On the strength of a lofty .368 BABIP in April, Castro put together a 108 wRC+, riding a flurry of singles to a hot start. That's not a knock on him in the slightest: hitting singles is what Castro does best and he did it very well in April., even if he drew barely any walks and hit for only the tiniest amount of power.
The BABIP slumped mightily in May to .270 and the wRC+ cratered with it to 42. For the sake of comparison, Koyie Hill had a career wRC+ of 40 (and 41 as a Cub). Castro was brutal in May as power remained conspicuously absent and he continued drawing few walks as his strikeout rate jumped in a troubling way. Still, on the heels of his hot April, it was easy to write this off as a prolonged slump.
He "rebounded" only slightly in June posting a wRC+ of 71 with a .245/.284/.343 batting line. But that doesn't quite capture what actually happened. Castro had a legitimate rebound over the first three weeks of the month, pumping out a .288/.321/.411 line for a perfectly average wRC+ of 100. Although he continued to hit far too many ground balls and not nearly enough line drives, Castro hit well for weeks and even produced power at roughly his career norm.
But then the wheels fell off again when the Dodgers came to town, and Castro hasn't found them again. Over the last eight games in June, Castro drew two walks and hit four singles, good for a wRC+ of -2 from his .138/.194/.172 line. Rather incredibly, his July was nearly identical with a .170/.194/.202 line that also produced a wRC+ of -2, including a strikeout rate of 21.4% and a walk rate of 3.1%, both of which would be full-season worsts. His ISO of .032 defies explanation.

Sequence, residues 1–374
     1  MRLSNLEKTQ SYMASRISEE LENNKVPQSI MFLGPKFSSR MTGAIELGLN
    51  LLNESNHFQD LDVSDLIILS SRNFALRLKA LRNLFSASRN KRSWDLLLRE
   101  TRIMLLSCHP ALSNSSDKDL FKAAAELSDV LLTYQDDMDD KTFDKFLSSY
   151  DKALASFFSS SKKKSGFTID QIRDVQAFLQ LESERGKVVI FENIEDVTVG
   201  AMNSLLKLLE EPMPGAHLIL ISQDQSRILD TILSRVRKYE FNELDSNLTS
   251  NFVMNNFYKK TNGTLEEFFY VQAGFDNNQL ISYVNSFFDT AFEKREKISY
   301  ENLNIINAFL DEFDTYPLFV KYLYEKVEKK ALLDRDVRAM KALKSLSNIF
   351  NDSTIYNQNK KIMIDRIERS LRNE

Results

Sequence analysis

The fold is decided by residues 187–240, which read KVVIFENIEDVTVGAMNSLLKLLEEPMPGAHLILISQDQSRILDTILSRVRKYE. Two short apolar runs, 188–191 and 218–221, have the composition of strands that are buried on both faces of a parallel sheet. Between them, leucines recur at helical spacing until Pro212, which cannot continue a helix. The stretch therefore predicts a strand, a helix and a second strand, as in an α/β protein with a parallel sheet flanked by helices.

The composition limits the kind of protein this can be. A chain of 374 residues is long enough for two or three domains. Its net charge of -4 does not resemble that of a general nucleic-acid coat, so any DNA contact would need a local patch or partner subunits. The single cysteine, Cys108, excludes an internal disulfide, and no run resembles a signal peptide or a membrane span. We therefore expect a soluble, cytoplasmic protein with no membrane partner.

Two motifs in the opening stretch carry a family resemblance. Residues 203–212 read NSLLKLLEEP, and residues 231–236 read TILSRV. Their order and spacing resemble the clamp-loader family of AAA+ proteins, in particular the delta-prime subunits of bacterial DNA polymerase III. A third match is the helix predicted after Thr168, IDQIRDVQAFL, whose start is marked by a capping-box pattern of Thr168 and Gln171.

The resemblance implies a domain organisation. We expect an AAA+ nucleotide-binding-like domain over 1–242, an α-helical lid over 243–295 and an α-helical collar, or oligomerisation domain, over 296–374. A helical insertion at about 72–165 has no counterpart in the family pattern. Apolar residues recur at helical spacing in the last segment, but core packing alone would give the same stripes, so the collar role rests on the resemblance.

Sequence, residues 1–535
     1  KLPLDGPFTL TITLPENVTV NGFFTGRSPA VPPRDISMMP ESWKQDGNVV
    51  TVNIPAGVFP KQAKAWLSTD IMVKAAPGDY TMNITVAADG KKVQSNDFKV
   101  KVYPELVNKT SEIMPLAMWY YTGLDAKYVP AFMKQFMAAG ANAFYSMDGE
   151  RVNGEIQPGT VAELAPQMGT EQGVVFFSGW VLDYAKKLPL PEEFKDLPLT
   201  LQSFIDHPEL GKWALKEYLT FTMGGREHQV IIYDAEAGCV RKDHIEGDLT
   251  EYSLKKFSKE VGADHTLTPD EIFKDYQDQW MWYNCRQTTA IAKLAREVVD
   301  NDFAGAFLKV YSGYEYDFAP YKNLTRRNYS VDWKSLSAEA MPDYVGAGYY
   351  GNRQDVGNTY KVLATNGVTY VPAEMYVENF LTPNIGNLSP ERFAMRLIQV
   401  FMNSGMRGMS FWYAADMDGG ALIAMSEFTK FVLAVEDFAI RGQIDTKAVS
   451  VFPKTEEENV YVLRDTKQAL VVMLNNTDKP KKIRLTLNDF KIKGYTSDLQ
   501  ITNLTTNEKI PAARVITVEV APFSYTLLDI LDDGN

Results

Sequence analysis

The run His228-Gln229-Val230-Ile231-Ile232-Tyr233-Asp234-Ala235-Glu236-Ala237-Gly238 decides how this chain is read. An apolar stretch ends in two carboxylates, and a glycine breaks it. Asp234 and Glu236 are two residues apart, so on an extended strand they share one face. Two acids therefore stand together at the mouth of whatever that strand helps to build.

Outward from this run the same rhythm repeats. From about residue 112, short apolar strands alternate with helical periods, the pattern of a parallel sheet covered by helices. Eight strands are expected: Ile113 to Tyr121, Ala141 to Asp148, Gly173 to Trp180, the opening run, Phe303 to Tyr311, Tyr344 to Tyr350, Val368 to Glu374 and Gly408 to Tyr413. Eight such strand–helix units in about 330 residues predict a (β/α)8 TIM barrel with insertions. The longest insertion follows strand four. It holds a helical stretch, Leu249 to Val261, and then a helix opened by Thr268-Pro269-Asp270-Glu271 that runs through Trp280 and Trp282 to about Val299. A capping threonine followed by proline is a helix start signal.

From June 22 through August 2, Castro produced a .162/.197/.192 line for a wRC+ of -3 over 137 plate appearances.
I'm going to offer a series of comparisons. I don't throw these out there to bash Castro; nobody needs any more of that. I present these to convey the true depth of his struggles at this point. Understanding the extent of such struggles is important.
Over the past month and a half, Castro has been closer to Jon Lester (career wRC+ of -95) than he has been to an average hitter.
Another comparison: a player going 0-for-3 with a walk and a strikeout produces a wRC+ of -2.
The gap between Castro's last 40 or so games and an average hitter (103 points) is the same gap between the career wRC+ totals of Augie Ojeda and Mike Trout. It's the same gap as between Rey Ordonez and Mark McGwire (or Albert Pujols).
The gap between Castro's last 40 games and an average hitter is just a hair larger than the gap between Tom Glavine's career and Sammy Sosa's.
One final comparison: the gap between Castro's last 40 games and Carlos Zambrano's career line (60 points) is the same gap as between Zambrano and the career lines of Andre Dawson and Carlton Fisk.
Castro's defense has remained consistently solid, if a bit below average, and that's a meaningful reason for hope.
But his bat has made him unplayable for a team in the thick of a playoff chase. It's just time for him to get some time off.
Deciding to remove Castro is only half of the equation, however. There has to be someone to take his spot in the lineup.
In the interest of full disclosure, I wrote the above prior to the Iowa Cubs game on Monday, August 3. What follows came after such contest.
I fully appreciate that the alternatives are not perfect. Thankfully, Addison Russell's defensive prowess gives the Cubs the ability to find a replacement for Castro at either shortstop or second base should they heed my request and bump Castro from the everyday lineup.
Jonathan Herrera has proved to be the sub-replacement level player so many of us expected him to be, and it's likely that his production would be even worse in a full-time (or close to it) gig. He's not an enticing option.